Tag Archives: lotte andersen

A Whole Lotta Love for Lotte Andersen

I’ve known Lotte since she was a baby-I knew her Mum, Ingrid, and her Dad, Toby. We were all part of the diverse mesh that made up the West London massive scene that busted at the seams with creatives in the mid-late 80s.

Ingrid, Lotte and Toby Andersen

It’s been a delight watching Lotte go from toddler, to girl, to teen, to woman. And not just any woman, one who’s a force to be reckoned with. This one can hold her own.

Jimi Hendrix at Granny Takes a Trip thandiekay.com

Jimi Hendrix at Granny Takes a Trip

Before leaving her BA in fashion, Lotte interned hard, working for creatives such as designer Alexander McQueen and rising star photographer Tyrone Lebon.

Lottie Andersen thandiekay.com

Just like me, she loved clothes but not so much the industry. During this period, however, Lotte began working for tailor and founder of Granny Takes A Trip (iconic 60’s clothing store), John Pearse. He became her mentor, encouraging her curiosity by giving her certain books to read, advised her on museums and exhibits she should attend, what films to watch.

For the last couple of years, Lotte has been dividing her time between her innovative, “DIY” club night, MAXILLA and the accompanying zine and baby-stepping into the corporate advertising world as an Art Director.

We asked 18 yr-old writer Tara Okeke to interview Lotte for us.

The saying goes, “never meet your heroes”. But there is something to be said for meeting those you admire the morning after the night before: one of the first things art director and MAXILLA founder Lotte Andersen says to me – after chancing upon her en route to her East London studio – is a candid admission of a mild hangover and a need for nourishment. And I – formerly flustered from a morning spent trying to recalibrate my Dictaphone, and the prospect of meeting one of London’s most exciting young creatives – am immediately put at ease.

Stopping by Ivy’s Mess Hall, Dalston – for coffee, cranberry juice and eggs, scrambled and poached – ease soon develops into illuminating and sparky conversation. “I hate working for other people – everyone knows I hate working for other people,” Andersen, 26, declares at one point. Collaboration is key in the world of 21st century creation, but Andersen has found “doing creative work for other people” to mean having to discard much of one’s own “aesthetic… morals and… politics”.

Lotte _edited-1

Lotte not at work for Adidas

Working for Adidas

I offer that it’s hard to tell – as a consumer – if Andersen has had to compromise on her vision in any way by working with such a strongly branded corporation, as the visuals for her Adidas Stellasport campaign are so strong and imbued with her inimitable style. After a moment of reflection, Andersen agrees that the campaign was indeed successful: “It was really fun. It was a massive learning curve: it was the first major corporate job I’d ever done. I earnt my stripes: I learnt how to send emails.” Now it’s my turn to laugh. “No, literally!”.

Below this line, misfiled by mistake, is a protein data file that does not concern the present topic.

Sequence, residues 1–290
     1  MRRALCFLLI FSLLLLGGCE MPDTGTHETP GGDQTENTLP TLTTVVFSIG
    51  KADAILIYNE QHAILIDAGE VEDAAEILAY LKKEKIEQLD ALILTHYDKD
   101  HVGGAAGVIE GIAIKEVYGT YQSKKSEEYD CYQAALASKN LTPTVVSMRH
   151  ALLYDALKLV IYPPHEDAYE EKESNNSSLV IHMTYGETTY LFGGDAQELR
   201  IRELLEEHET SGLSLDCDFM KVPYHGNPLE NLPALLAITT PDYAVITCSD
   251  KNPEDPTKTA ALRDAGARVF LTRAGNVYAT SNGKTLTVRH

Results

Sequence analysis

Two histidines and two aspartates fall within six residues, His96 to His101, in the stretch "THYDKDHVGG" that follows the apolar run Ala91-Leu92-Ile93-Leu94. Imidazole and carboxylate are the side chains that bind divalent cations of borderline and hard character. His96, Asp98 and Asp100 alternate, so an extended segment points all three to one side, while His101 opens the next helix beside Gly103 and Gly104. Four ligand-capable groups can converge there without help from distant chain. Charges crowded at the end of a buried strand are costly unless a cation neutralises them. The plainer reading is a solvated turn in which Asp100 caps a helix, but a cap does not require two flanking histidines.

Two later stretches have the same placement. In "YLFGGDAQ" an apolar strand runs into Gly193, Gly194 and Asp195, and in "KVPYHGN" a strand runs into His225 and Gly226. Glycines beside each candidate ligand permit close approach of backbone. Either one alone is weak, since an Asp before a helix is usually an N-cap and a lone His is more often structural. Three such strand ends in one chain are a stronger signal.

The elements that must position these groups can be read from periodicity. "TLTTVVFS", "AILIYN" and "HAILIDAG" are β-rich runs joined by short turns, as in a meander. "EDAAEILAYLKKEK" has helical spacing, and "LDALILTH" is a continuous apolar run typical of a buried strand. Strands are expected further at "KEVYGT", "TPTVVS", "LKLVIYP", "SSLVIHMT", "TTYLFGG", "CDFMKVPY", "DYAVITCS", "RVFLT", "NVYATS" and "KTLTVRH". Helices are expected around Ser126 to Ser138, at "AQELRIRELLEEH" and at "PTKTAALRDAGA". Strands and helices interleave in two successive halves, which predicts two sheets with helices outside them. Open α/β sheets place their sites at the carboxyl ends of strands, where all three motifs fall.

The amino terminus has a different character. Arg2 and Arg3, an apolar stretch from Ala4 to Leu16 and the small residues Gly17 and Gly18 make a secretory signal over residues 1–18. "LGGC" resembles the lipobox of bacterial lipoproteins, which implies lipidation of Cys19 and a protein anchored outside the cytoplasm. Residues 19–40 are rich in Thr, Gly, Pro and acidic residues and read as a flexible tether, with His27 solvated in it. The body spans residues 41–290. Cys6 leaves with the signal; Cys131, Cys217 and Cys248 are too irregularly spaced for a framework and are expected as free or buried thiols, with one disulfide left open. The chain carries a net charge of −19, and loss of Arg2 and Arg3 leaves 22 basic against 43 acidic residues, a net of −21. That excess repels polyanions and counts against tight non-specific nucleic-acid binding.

‘I had to do a lot of looking back, and it’s been an accident that I’ve ended up doing what I’m doing.’

Growing up in West London, surrounded by the dynamism of the city’s

Lotte Andersen on Golborne Rd with her Dad

Lotte on Golborne Rd, Loondon W.10 with her Dad

art scene and familial creativity – “my Dad is a DJ – a musician: he was in bands, he was throwing parties; my Mum was super into clothes and really stylish…” – Andersen’s career trajectory was far from serendipitous. “I was trained to do it… it makes so much sense.” But it was also far from premeditated. “The wonderful thing I’ll say about any work that I do – I’ll always say it’s a huge accident”.

Past and Present

As for where Andersen hopes her future trajectory will take her, and what she’s had to leave behind: “My parties were fun – though, I don’t do them anymore (the final MAXILLA party will be held tonight, May 27th); we’re in a different time, now. When you look back at the last six months and all of the things that have changed, like: what music you listened to, the clothes you wanted to wear, what you’ve noticed other people doing, the parties that have happened, what’s politically happened in the world -like, how many attacks there have been in the last six months, how that’s changed our psyches… And you just start patchworking [all of] that to make something that reflects… and, hopefully, that resonates.”

Lotte Andersen by Kay for thandiekay.com

Lotte against her photocopies by Kay

This ‘patchwork’ of ideas – this synthesis of external factors into one -something she did so well with MAXILLA- how is she going to go about furthering it in her future work?

“I want to make a book,” Andersen responds without hesitation. Later, at her studio, she presents various components of said book which she named Problem Child ­– in addition to older works and oddments. Asked to describe the book in four words, Andersen goes with a potential tagline of “it’s about growing up”. At the heart of it, Problem Child isn’t a world away from MAXILLA; but, there has been a progression in thought, a refinement of style, and the former will confound those who try to pin Andersen down within the parameters of the work she did with her club night and zine.

Lotte Andersen Art Direction Adidas Stella Sport thandiekay.com

Lotte’s Stella Adidas StellaSport zine

Robin Wasserman writes, in What Does It Mean When We Call Women Girls, that the Riot Grrrl movement of the early ‘90s “invented the modern usage of ‘girl-power’… [before it was] annexed by the Spice Girls, harmonizing harbingers of lipstick feminism”.